the added program commentary.
The dynamic range control signal in the single-channel C service is intended to be used by
the audio decoder to modify the level of the main audio program. Thus the level of the main
audio service will be under the control of the C service provider, and the provider may signal the
decoder (by altering the dynamic range control words embedded in the C audio elementary
stream) to reduce the level of the main audio service by up to 24 dB in order to assure that the
commentary is intelligible.
Besides providing the C service as a single commentary channel, the C service may be
provided as a complete program mix containing music, effects, dialogue, and the commentary. In
this case the service may be provided using any number of channels (up to 5.1). The fact that the
service is a complete mix is indicated in the AC-3 descriptor (see [4], Annex A).
6.6.4.7 E—Emergency
The E associated service is intended to allow the insertion of emergency announcements. The
normal audio services do not necessarily have to be replaced in order for the emergency message
to get through. The transport demultiplexer gives first priority to this type of audio service.
Whenever an E service is present, it is delivered to the audio decoder by the transport subsystem.
When the audio decoder receives an E type associated service, it stops reproducing any main
service being received and only reproduces the E service. The E service may also be used for
non-emergency applications. It may be used whenever the broadcaster wishes to force all
decoders to quit reproducing the main audio program and substitute a higher priority singlechannel.
6.6.4.8 VO—Voice-Over
It is possible to use the E service for announcements, but the use of the E service leads to a
complete substitution of the voice-over for the main program audio. The voice-over associated
service is similar to the E service, except that it is intended to be reproduced along with the main
service. The systems demultiplexer gives second priority to this type of associated service
(second only to an E service). The VO service is intended to be simultaneously decoded and
mixed into the center channel of the main audio service that is being decoded. The dynamic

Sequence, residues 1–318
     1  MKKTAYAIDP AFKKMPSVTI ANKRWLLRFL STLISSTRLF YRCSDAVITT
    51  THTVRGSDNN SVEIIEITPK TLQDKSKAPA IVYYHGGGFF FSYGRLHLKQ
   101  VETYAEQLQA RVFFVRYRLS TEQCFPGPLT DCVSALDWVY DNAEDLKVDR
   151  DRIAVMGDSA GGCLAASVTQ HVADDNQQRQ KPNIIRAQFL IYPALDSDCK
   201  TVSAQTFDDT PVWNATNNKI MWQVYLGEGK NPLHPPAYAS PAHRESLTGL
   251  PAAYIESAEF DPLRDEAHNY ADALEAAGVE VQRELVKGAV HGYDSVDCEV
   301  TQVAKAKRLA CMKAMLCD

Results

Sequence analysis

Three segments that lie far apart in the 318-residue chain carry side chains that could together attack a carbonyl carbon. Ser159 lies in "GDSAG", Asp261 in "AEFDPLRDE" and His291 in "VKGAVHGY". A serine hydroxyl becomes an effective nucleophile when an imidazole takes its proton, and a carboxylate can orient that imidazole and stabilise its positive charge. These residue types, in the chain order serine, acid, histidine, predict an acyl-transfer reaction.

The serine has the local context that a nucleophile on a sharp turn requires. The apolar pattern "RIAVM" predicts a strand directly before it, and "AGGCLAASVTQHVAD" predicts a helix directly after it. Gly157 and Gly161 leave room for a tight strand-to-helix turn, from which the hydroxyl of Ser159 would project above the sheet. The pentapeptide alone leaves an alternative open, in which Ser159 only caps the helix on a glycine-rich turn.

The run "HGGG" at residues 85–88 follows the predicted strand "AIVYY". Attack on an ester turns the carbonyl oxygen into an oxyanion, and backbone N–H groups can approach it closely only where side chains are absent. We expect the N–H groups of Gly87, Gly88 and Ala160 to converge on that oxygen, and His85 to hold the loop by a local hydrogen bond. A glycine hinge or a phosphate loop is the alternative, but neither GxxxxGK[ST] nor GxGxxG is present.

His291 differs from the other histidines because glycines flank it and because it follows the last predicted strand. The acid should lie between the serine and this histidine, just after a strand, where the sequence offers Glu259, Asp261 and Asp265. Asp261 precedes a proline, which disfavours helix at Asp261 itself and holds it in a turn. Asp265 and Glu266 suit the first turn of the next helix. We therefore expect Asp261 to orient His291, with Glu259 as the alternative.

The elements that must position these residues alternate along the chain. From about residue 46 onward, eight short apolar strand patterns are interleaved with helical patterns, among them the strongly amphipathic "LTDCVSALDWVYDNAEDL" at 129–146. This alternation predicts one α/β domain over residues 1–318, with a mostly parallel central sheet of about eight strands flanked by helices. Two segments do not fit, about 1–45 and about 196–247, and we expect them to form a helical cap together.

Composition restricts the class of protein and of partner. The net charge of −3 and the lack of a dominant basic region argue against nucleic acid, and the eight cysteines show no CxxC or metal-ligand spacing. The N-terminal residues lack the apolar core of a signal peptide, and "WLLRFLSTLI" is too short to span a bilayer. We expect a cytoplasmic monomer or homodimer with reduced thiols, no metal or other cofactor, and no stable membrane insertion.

range control signal in the VO service is intended to be used by the audio decoder to modify the
level of the main audio program. Thus the level of the main audio service will be under the
control of the broadcaster, and the broadcaster may signal the decoder (by altering the dynamic
range control words embedded in the VO audio bit stream) to reduce the level of the main audio
service by up to 24 dB during the voice-over. The VO service allows typical voice-overs to be
added to an already encoded audio bit stream, without requiring the audio to be decoded back to
baseband and then re-encoded. However, space must be available within the transport multiplex
to make room for the insertion of the VO service.
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6.7 Audio Bit Rates
6.7.1 Typical Audio Bit Rates
The information in Table 6.2 provides a general guideline as to the audio bit rates that are
expected to be most useful. For main services, the use of the LFE channel is optional and will not
affect the indicated data rates.
6.7.2 Audio Bit Rate Limitations
The audio decoder input buffer size (and thus part of the decoder cost) is determined by the
maximum bit rate that must be decoded. The syntax of the AC-3 standard supports bit rates
ranging from a minimum of 32 kbps up to a maximum of 640 kbps per individual elementary bit
stream. The bit rate utilized in the digital television system is restricted to 448 kbps in order to
reduce the size of the input buffer in the audio decoder, and thus the receiver cost. Receivers can
be expected to support the decoding of a main audio service, or an associated audio service that